Last month, the U.S. Food and Drug Administration (FDA) issued an alert concerning the use of pulse oximeters to measure blood oxygen levels, warning that the devices “have limitations and a risk of inaccuracy under certain circumstances that should be considered.”
The alert references a December study published in The New England Journal of Medicine finding that pulse oximeters failed to detect below-normal levels of oxygen for Black patients at rates three times higher than for white patients. The FDA recommends that people do not rely only on pulse oximeters when assessing their health, including the decreased oxygen levels seen in people with COVID-19.
“Patients with conditions such as COVID-19 who monitor their condition at home should pay attention to all signs and symptoms of their condition and communicate any concerns to their health care provider,” the alert said. “Be aware that multiple factors can affect the accuracy of a pulse oximeter reading, such as poor circulation, skin pigmentation, skin thickness, skin temperature, current tobacco use, and use of fingernail polish.”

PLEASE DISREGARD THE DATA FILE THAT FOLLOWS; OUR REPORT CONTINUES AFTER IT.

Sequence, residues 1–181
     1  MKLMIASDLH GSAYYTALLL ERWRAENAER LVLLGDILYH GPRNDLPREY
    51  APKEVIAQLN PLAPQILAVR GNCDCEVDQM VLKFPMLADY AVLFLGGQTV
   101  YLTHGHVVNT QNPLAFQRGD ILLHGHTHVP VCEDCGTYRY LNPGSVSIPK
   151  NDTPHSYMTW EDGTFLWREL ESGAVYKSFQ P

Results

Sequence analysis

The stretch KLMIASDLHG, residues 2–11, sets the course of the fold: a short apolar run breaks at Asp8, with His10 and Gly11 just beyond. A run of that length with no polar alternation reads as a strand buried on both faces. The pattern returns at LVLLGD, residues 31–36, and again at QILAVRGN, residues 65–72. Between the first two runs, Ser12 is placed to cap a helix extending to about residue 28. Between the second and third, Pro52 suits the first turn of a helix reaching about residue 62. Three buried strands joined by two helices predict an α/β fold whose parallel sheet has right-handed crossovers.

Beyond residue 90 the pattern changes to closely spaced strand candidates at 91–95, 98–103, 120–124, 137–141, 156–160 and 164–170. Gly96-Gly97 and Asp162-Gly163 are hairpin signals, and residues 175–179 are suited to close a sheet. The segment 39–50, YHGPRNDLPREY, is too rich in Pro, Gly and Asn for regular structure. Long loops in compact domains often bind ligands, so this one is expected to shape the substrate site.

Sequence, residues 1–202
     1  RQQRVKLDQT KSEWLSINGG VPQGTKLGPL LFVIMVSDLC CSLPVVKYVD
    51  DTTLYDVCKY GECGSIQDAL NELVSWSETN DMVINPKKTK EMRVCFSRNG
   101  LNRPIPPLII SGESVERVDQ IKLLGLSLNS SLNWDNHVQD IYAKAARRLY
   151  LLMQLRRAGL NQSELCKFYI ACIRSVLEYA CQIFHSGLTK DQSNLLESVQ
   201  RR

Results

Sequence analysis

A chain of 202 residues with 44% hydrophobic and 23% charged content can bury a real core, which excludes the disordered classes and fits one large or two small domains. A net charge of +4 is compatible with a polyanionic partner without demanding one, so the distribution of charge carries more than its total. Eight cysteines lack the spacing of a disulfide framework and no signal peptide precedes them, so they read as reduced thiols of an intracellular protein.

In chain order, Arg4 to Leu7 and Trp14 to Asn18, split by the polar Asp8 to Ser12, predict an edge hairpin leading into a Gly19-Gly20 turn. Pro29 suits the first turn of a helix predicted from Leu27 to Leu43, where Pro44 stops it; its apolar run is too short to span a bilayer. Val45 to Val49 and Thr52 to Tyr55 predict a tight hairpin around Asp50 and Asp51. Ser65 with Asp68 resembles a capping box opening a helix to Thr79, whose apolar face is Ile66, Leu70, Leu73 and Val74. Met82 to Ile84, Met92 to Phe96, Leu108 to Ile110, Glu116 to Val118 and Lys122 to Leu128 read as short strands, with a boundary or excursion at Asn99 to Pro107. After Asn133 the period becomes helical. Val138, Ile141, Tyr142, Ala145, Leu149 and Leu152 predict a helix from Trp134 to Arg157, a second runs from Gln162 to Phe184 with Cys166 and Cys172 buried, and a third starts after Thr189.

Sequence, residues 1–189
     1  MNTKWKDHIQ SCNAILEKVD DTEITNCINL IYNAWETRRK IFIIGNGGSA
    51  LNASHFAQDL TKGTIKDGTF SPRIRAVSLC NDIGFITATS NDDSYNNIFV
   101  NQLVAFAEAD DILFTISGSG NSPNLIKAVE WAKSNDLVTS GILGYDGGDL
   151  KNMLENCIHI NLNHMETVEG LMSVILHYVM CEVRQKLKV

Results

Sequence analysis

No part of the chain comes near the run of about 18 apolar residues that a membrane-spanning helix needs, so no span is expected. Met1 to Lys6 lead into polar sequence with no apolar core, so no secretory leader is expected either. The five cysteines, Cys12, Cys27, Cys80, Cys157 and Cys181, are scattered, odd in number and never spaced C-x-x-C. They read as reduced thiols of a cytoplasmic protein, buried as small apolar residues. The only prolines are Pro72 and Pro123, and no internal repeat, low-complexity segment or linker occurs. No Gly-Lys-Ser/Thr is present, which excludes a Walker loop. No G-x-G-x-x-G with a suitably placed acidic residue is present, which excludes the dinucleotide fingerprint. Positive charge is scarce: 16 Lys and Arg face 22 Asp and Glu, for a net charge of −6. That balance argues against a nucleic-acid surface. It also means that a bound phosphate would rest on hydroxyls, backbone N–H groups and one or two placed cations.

The authors of the NEJM report, from the University of Michigan Medical School, called for the need to “correct racial bias in pulse oximetry and other forms of medical technology.”
Women’s Health Research at Yale Director Carolyn M. Mazure, Ph.D., agreed that researchers and medical providers must better understand how differences between and among people of different racial groups and genders affect all aspects of health and health care.
“This study underscores how little we still know about large segments of human biology and behavior and how best to measure and treat many diseases and conditions,” Mazure said. “We must not assume that what works for one group of people works for everyone.”